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1970 w109 6.3, 2014 ML350 (petrol) AMG kitted, 2004 Vito 115 crewbus, 2003 CL600 V12 bi-turbo
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403 Posts
Discussion Starter #1
I have tried almost everything to try and get that sticky film that appears on the switches after several years of use. Can anyone suggest the best thing to get this off without wrecking the switch itself?
 

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2007 B200 turbo
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1 Posts
Rustoleum has a product called Krud Kutter. I used it on my B200 steering wheel buttons 2 weeks ago.
Spray onto a cloth & rub onto the buttons. Takes a few applcations, but works.
 

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2016 S550c4 Coupe, 2005 SL500
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46 Posts
Sticky mess on switches. I have tried almost everything to try and get that sticky film that appears on the switches after several years of use.
Hi. The sticky switch syndrome happens to many different high-end European cars including Ferrari, Maserati, Mercedes. Apparently the type of plastic or coating used deteriorates after several years and becomes sticky.

Many have said that the only real solution is to replace the switches, which can get expensive. I had it on several of the switches in my CL500 and some products helped but did not completely eliminate the problem.

There is a lot about it on line if you do a search on "sticky automobile switches" you will find many entries and products.
 

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1995 CLK 350
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10 Posts
I cleaned up the center vent surround on my CLK with Mothers cleaner wax. It did take a while but did a nice job and didn't harm the white lettering.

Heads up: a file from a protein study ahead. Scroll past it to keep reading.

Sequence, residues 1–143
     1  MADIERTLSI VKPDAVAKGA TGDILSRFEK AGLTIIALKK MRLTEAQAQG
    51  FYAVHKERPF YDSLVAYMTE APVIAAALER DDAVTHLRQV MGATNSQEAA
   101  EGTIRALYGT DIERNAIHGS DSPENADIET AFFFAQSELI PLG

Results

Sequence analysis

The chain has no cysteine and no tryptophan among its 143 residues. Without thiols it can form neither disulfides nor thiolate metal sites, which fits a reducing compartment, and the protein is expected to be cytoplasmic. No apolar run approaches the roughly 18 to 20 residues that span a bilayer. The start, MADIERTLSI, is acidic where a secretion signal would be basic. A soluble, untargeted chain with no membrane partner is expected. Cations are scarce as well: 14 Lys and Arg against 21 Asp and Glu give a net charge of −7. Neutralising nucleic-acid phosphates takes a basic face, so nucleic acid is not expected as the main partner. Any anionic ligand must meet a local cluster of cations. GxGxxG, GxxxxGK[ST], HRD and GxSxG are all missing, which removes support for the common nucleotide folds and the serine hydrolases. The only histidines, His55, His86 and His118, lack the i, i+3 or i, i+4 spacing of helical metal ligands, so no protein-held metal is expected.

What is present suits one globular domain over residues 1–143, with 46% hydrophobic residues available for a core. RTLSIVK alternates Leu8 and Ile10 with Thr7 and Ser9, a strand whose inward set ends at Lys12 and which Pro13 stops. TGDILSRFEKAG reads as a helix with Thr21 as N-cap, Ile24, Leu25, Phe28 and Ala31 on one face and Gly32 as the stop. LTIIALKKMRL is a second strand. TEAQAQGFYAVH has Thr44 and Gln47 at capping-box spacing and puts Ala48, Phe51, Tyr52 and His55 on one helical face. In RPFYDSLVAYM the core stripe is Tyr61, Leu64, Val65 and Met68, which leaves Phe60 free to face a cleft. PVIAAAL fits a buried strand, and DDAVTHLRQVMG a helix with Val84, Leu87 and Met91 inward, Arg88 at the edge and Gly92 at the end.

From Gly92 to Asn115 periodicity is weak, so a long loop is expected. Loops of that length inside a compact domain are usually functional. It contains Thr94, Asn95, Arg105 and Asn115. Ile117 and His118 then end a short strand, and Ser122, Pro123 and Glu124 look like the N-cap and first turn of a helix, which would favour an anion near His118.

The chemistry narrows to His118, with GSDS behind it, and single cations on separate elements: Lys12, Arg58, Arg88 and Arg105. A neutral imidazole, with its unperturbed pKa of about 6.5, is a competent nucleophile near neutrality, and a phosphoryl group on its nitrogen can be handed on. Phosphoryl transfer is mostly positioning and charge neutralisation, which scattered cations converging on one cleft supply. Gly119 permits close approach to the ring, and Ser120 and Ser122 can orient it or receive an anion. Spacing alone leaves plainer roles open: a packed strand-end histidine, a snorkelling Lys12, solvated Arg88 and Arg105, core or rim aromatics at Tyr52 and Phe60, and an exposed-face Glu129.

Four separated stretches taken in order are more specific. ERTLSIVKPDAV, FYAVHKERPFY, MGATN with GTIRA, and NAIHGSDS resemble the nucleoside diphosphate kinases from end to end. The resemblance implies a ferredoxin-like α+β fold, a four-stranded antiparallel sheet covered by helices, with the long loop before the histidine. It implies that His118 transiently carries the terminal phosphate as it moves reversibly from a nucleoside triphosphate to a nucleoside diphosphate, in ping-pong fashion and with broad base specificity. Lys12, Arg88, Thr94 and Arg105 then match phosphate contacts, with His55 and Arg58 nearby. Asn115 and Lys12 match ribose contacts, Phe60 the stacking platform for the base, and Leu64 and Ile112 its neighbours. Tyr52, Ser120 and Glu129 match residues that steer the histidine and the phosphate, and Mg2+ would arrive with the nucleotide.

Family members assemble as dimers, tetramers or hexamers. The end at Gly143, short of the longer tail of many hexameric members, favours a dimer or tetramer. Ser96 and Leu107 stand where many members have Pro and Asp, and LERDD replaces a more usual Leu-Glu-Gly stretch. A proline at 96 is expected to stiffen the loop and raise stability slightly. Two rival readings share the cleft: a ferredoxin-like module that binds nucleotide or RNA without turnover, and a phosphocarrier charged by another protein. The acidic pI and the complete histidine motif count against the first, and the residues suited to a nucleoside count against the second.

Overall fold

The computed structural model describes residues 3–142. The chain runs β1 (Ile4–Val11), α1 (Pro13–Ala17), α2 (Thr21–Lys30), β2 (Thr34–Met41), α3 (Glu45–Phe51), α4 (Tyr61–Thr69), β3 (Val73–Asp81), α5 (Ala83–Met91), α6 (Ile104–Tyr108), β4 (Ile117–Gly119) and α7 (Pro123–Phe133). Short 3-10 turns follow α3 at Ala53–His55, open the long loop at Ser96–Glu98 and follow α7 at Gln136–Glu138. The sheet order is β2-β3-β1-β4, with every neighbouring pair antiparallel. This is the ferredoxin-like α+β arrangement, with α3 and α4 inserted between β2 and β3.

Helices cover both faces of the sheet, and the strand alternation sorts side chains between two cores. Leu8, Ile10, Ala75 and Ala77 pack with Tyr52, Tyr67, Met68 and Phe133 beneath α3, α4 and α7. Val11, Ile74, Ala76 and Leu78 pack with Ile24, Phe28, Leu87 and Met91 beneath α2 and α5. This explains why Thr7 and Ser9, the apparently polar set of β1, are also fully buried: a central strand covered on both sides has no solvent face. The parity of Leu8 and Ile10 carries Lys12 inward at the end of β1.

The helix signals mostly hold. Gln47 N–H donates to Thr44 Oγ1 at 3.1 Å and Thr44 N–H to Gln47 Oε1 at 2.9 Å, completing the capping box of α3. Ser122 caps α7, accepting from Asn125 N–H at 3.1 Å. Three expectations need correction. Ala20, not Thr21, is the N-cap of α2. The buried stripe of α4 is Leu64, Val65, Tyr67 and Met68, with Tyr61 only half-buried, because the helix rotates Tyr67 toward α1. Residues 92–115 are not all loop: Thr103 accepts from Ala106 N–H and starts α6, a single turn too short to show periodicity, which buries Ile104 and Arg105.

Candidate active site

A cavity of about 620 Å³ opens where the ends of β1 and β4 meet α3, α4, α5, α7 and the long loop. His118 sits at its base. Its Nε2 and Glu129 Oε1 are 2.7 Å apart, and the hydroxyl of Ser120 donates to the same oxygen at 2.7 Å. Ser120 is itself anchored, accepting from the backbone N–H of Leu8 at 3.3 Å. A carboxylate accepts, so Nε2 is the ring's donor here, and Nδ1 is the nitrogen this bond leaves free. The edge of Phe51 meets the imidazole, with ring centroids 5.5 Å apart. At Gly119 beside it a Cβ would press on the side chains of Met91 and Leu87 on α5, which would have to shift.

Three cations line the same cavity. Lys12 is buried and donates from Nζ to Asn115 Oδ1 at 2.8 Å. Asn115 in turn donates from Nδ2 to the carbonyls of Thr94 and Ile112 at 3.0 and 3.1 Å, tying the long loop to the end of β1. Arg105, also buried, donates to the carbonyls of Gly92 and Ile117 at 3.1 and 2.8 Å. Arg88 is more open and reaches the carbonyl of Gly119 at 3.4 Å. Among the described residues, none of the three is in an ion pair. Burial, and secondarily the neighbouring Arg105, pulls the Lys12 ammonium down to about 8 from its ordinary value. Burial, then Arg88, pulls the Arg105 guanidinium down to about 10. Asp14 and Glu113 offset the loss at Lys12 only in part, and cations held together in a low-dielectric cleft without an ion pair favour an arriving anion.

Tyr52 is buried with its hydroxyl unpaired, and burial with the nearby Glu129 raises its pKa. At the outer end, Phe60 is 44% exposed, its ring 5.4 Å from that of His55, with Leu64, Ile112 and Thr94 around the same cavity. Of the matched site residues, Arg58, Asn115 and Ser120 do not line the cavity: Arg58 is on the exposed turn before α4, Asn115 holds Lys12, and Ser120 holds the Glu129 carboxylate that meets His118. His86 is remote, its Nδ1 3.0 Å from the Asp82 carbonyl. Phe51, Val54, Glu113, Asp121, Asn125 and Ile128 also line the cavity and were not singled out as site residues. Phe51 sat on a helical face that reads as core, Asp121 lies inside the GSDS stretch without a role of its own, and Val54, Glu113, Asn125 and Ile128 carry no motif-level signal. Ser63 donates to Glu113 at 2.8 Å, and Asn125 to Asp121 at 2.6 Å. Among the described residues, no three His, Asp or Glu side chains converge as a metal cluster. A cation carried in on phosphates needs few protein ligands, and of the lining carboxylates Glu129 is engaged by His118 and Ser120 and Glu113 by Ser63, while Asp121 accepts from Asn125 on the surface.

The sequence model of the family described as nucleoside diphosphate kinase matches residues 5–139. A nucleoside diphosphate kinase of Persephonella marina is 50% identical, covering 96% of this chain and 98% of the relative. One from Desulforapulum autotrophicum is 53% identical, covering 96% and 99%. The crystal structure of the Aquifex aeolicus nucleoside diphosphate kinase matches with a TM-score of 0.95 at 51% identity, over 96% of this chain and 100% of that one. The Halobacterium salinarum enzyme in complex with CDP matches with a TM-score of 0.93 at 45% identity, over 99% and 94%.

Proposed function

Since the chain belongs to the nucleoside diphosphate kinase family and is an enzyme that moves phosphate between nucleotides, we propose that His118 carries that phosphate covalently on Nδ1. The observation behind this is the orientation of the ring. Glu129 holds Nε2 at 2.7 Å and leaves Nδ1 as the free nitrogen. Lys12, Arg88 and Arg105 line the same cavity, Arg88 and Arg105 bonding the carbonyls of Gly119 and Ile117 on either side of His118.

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2006 SL 600
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5 Posts
As I wrote earlier, I had that problem on the Hazard button and did clean it with product used on garden plastic furniture.
After the fourth cleaning it was back to as new item without any damaged and stayed as so since one year.

Albert
 

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1970 w109 6.3, 2014 ML350 (petrol) AMG kitted, 2004 Vito 115 crewbus, 2003 CL600 V12 bi-turbo
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403 Posts
Discussion Starter #7
Found the best thing for these sticky switches -'Simple Green BBQ cleaner' - work like a dream to remove this crap on switches. Just rub with a clean microfibre cloth and off it comes without any damage to the lettering. Have used it on other surfaces as well with great results. The secret ingredient is citric acid (lemon juice). I am pretty sure Simple Green is a worldwide product. Found this idea on the net, so not my discovery.
 

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'87 560 SEC, Pearl Grey/blue; 300,000+ mi; '07 CLS 550, Barolo/stone; 90,000+ mi
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632 Posts
I wonder if it's a result of oily fingerprints reacting with the plastic or mold that develops and breaks down the top layer? Especially if you were able to clean it back to as new condition, then maybe no actual factory material on the controls was removed.
 
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